An effective compliance program must be designed to mitigate the specific compliance risks facing an organization based on its business and operational profile. This global pandemic—as with any crisis—exposes risks likely not contemplated by compliance programs designed pre-crisis. In just the last couple of months, we have seen companies pivot to new business lines; interact with governments in new ways; begin to import and export new products; and, of course, watch revenue projections decline. Each of those and countless other instances change the risk profile of the business in ways that may or may not be contemplated by your current policies, procedures, or controls.

For the sustainability and effectiveness of your compliance program, it will be critical to conduct bottom-up risk reviews focused specifically on the changes and pressures to your company’s operations caused by this crisis and to assess the effectiveness of your compliance program in mitigating those risks. Were due diligence procedures operational? Were compliance-sensitive transactions successfully reviewed remotely? Were ERP systems operational and accessible without disruption? Were governance and authority matrix authorizations followed and documented in a remote environment? What adjustments should be made based on lessons learned in this experience and in advance of a future a crisis?

It will be equally important to look ahead and evaluate what new risks may be on the horizon. Has your company engaged new third parties? Entered new markets? Developed new products or services that subject it to new regulations? As you pressure test your program, remember to document each step of your review process, from the procedures used to assess risk to the rationale for any changes made to your program.

6. Update your compliance business continuity plan

Your company likely had some sort of a game plan heading into this crisis. That might have worked well, needed modification, or fallen by the wayside. And it may or may not have had a compliance component.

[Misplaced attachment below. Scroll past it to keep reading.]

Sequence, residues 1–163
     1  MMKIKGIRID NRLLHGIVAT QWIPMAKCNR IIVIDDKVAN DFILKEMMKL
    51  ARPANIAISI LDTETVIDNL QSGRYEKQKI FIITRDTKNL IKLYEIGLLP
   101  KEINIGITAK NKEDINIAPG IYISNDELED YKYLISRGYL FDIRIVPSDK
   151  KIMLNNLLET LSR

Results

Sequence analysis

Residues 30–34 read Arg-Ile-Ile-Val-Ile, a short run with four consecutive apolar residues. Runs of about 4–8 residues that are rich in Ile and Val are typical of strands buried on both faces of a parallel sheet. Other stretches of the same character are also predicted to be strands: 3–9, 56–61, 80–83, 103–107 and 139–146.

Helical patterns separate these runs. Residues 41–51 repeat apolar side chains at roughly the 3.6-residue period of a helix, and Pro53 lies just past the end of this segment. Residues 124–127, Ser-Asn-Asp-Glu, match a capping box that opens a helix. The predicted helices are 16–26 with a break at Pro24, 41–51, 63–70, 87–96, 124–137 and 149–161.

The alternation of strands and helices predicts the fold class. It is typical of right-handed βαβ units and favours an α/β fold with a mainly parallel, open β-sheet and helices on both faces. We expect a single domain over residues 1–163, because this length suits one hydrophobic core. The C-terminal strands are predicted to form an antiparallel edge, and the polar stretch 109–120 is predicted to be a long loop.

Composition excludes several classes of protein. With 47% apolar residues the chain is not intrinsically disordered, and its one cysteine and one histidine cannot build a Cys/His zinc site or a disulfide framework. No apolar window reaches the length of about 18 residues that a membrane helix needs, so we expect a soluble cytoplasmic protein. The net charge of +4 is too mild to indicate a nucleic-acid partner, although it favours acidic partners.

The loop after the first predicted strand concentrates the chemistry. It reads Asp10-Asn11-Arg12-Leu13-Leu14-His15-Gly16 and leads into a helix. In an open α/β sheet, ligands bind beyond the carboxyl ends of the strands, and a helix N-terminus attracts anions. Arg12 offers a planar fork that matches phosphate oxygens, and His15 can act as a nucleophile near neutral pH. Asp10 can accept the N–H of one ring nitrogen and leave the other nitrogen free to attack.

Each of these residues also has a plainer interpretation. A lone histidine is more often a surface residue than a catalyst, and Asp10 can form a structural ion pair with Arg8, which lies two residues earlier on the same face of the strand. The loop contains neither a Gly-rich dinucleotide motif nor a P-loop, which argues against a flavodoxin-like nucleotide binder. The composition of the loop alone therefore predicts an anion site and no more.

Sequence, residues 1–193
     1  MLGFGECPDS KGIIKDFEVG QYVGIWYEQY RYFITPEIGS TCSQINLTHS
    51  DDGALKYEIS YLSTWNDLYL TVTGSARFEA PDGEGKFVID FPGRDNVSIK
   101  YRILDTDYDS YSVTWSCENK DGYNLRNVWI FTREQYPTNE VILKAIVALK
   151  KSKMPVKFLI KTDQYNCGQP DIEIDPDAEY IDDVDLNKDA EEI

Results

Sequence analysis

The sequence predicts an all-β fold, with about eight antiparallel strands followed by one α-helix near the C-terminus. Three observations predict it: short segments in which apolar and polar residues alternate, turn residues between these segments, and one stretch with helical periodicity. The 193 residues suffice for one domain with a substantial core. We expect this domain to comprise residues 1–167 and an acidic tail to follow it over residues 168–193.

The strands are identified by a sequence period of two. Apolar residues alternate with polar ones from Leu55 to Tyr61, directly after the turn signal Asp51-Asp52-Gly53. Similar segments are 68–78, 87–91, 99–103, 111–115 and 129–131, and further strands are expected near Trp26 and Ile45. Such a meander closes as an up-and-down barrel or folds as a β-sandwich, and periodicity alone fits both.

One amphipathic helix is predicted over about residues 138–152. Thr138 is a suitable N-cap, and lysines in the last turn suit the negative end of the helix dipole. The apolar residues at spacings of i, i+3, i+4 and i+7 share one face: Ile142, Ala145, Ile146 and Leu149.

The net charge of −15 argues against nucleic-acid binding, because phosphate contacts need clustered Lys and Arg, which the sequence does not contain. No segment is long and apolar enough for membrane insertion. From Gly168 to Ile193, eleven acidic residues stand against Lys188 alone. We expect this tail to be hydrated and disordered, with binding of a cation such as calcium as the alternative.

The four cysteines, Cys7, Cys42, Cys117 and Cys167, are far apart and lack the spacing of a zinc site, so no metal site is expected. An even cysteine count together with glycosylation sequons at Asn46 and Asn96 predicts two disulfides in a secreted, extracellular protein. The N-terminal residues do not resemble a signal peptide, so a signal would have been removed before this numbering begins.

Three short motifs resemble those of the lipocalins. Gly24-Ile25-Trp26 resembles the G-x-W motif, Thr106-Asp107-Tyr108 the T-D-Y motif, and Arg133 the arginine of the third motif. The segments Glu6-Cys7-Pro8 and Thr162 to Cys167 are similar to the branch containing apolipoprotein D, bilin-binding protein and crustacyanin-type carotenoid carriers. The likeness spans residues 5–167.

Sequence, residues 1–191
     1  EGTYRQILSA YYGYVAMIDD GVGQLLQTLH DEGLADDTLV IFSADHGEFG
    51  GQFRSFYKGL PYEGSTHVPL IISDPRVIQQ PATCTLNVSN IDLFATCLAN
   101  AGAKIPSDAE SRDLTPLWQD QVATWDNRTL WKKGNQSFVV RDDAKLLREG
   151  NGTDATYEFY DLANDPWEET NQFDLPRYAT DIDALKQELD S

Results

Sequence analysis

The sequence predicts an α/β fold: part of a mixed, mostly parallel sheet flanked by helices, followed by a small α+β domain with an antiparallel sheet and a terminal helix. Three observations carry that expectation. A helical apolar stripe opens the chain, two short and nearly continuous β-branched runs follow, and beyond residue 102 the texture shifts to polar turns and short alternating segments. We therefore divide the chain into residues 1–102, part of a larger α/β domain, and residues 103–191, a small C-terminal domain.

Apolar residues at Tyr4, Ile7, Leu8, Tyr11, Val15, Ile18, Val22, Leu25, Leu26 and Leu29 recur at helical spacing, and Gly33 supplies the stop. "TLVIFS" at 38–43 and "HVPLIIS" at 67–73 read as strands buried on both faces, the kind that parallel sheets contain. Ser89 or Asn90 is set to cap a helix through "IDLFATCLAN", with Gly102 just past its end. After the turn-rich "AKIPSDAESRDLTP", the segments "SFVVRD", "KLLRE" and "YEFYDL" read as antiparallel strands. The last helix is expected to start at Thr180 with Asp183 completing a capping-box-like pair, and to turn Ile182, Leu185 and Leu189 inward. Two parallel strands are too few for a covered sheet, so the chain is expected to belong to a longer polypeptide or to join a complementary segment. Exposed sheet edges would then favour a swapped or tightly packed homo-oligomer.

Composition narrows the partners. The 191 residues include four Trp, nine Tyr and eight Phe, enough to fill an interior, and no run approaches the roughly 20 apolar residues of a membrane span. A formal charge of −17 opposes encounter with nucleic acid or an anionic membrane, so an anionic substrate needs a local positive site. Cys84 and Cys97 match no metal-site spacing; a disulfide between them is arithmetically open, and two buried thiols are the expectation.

Take time when you can to update the plan—or draw up parts of a new one—to reflect the lessons you’ve learned about how the company operates and what needs to happen in crisis to maintain operations from a compliance perspective. Develop a schedule to continually update the business continuity plan (every 3-6 months may be appropriate for now) so that lessons you learn as the world continues to adjust are incorporated while still fresh.

This crisis period—though disruptive in myriad unanticipated ways—can serve as an opportunity to reflect upon your compliance program both as it operates now and how it can adapt in future uncertain times. As we see the light at the end of the tunnel of this trying time, it is also an opportunity to strengthen your compliance program so that your company is best positioned in the coming months and years. This long-term planning will be helpful—as Robert Dodge, assistant director at the Securities and Exchange Commission’s FCPA Unit, said during an April 23 Webinar, “It will probably take a little bit longer for [corruption] to come to light.”

Alejandra Montenegro Almonte is a member and vice chair of Miller & Chevalier’s International department. Ann Sultan is a member in Miller & Chevalier’s International and White Collar Defense practice areas.